Twin Cities airport makes way for peer-to-peer car sharing service

Earlier this month, Louis Lidji steered his gleaming late-model Hyundai Sonata to a marked spot deep within the labyrinth of the Red parking ramp at the Minneapolis-St. Paul International Airport.

Lidji parked his car, snapped a few photos of its interior and exterior with his phone, locked the doors and caught a ride back to his home in Eagan. A few hours later, someone he didn’t know arrived at MSP, picked up the Sonata after Lidji, unlocked it remotely using his phone and drove it off the lot — just like any other car rental.

But unlike the usual drill with Hertz, Budget or Enterprise, this is a new way of leasing a car through a service called Turo that MSP officials are embracing — at least for now.

Often called the “Airbnb of car rentals,” Turo is a peer-to-peer car-sharing service that connects owners of personal vehicles to customers through its app or website. San Francisco-based Turo and other car-sharing services such as Getaround, Maven and HyreCar are part of a sharing economy that has exploded over the past two decades.

Airports would seem a natural fit for this emerging service, but many across the country have been slow, or even downright resistant, to welcome Turo.

Lidji, a mortgage banker who works from home, figured he could make money by using the Turo platform to rent his 2020 Sonata, which would otherwise have sat in his garage.

“It’s been really great,” Lidji said. “The car is not going to get used; I don’t need it to get to work. Financially, [Turo rentals] have pretty much paid for the car since I started.”

Founded in 2010, Turo is now available in 5,500 cities in the United States, Canada and United Kingdom, with a “community” of 14 million users and hosts. Airports serve as popular rental portals, but aren’t the only location where vehicle handoffs occur.

Officials at MSP say they knew Turo had been quietly operating at the airport since 2017 on an ad hoc basis, but without paying any concession or access fees like those forked over by traditional rental car companies.

At the time, a lawyer from the Metropolitan Airports Commission (MAC), which operates MSP, sent a letter to Turo Chief Executive Officer Andre Haddad calling for the company to “cease and desist” operations unless it paid appropriate fees and submitted reports regarding its operations. The missive threatened legal action if Turo failed to comply.

By the spring of 2020, the commission asked MAC staff to investigate Turo’s presence at MSP, and an audit commenced last August. MAC officials discovered an average of 32 Turo vehicles were available to rent at MSP each day, with 106 vehicle owners advertising their rental services from the airport. Prices ranged from $30 to $499 a day, with vehicles delivered onsite or through an in-person pickup.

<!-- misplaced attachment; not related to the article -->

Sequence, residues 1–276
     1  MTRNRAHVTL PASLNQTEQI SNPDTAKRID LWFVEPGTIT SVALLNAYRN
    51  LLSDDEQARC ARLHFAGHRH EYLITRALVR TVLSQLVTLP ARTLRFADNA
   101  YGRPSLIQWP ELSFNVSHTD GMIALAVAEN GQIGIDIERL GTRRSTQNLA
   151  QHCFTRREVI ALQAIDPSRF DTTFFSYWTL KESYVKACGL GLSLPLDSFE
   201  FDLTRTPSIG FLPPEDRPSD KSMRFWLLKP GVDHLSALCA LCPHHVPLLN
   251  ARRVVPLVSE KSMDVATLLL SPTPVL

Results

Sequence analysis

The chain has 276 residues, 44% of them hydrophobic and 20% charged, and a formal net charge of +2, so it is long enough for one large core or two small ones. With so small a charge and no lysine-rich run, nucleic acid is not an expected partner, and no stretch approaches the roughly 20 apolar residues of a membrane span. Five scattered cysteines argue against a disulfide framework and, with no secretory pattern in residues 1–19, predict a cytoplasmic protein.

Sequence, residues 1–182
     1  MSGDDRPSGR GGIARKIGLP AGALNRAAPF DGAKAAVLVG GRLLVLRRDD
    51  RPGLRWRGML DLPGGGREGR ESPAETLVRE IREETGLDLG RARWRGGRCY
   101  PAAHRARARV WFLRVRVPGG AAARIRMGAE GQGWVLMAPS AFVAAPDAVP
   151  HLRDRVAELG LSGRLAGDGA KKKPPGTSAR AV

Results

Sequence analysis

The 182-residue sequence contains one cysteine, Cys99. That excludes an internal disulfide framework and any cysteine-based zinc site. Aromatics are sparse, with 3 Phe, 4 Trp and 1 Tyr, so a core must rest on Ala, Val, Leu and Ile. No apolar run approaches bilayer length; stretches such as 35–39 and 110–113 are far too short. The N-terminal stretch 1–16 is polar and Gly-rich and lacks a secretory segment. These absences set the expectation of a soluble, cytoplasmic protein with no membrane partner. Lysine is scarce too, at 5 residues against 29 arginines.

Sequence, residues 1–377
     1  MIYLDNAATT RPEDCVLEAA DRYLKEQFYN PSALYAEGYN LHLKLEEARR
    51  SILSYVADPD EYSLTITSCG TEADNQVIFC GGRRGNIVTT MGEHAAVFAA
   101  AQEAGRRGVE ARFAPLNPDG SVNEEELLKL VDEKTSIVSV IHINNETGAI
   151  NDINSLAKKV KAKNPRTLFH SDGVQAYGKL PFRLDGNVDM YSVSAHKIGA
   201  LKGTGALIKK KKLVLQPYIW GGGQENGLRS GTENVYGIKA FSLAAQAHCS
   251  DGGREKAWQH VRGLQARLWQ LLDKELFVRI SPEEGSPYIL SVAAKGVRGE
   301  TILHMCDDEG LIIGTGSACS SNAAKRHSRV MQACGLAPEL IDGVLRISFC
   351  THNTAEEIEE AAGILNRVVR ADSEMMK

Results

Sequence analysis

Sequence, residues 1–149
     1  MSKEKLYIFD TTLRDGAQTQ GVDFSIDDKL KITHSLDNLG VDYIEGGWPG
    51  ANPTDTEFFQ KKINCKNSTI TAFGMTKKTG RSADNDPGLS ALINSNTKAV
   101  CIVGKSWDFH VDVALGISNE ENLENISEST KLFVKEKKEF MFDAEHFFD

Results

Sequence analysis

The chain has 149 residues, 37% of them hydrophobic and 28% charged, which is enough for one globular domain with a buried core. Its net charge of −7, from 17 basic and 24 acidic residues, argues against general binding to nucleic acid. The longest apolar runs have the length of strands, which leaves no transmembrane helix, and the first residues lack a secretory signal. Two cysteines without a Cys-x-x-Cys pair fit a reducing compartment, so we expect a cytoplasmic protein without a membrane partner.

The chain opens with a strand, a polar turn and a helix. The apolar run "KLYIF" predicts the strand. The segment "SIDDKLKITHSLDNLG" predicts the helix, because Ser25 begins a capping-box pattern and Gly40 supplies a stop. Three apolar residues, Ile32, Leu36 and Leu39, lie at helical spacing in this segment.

While some airport operators like the MAC have reached agreements with Turo, others have rejected the idea. At Boston’s Logan Airport and the Los Angeles International Airport, the short history of peer-to-peer rentals has included lawsuits filed by both Turo and airports and resulted in Turo bans.

Last fall, the MAC formalized the relationship with Turo by launching a one-year pilot program that leases five spots for vehicle pick-ups on Level 6 of the Red Ramp in Terminal 1.

Turo also has access to the east upper-level roadway at Terminal 1 — the same pick-up zone for Uber and Lyft — for in-person car handoffs. And Turo must pay 10% of gross receipts as a “privilege fee” and submit monthly statements documenting the receipts.

The pilot program will allow the MAC to get a better understanding of how peer-to-peer rentals work, especially if competitors want to set up shop as well.

In a report, MAC officials note that peer-to-peer car rentals are a “disruptor” to the long-standing car-rental industry the same way ride-sharing firms Uber and Lyft upended the taxicab business. When the MAC adopted a legal framework for Uber and Lyft in 2016, it was after many months of often-emotional debate that pitted drivers for ride-sharing services against taxi drivers and operators.

Haddad of Turo said in a statement he was “delighted that MSP officials have taken an innovative step in recognizing the benefits of peer-to-peer car sharing, including meeting consumer demand in Minnesota. Peer-to-peer car sharing not only provides travelers with better options for booking a car, but also gives Minnesotans an opportunity to find financial freedom by hosting their own vehicle on the platform.”

But car-sharing has its critics. The American Car Rental Association (ACRA), a trade association based in Long Lake, N.Y., said companies like Turo should comply with state and federal laws governing insurance, liability, recalls, consumer protection, taxes and fees for operating at airports.

“They’re saying ‘We’re different from car rental companies,'” said ACRA spokesman Greg Scott. “But if you walk like a duck, then you’re a duck.”

The agreement at MSP comes as the COVID-19 pandemic has upended the traditional rental car market. Rental car companies sold off thousands of cars in the wake of declining demand to stay in business. But as vaccinations took hold, and people began to travel again, the dearth of supply sent prices soaring.

Plus, a global microchip shortage has curtailed production of new cars, making it difficult for rental car companies to replenish their supply.

Lidji said he believes the shortage of traditional rental cars has helped boost demand for Turo’s service. And, “with COVID, not knowing when things are going to change, it’s good to have an extra source of money,” he said. He recently bought a Mustang convertible for Turo rentals — which is wildly popular in Minnesota’s warmer months.

Beyond the extra cash, Lidji said he “really enjoys meeting and helping people, that’s a big part of it.” Not surprisingly, users have given Lidji a five-star rating on the Turo app.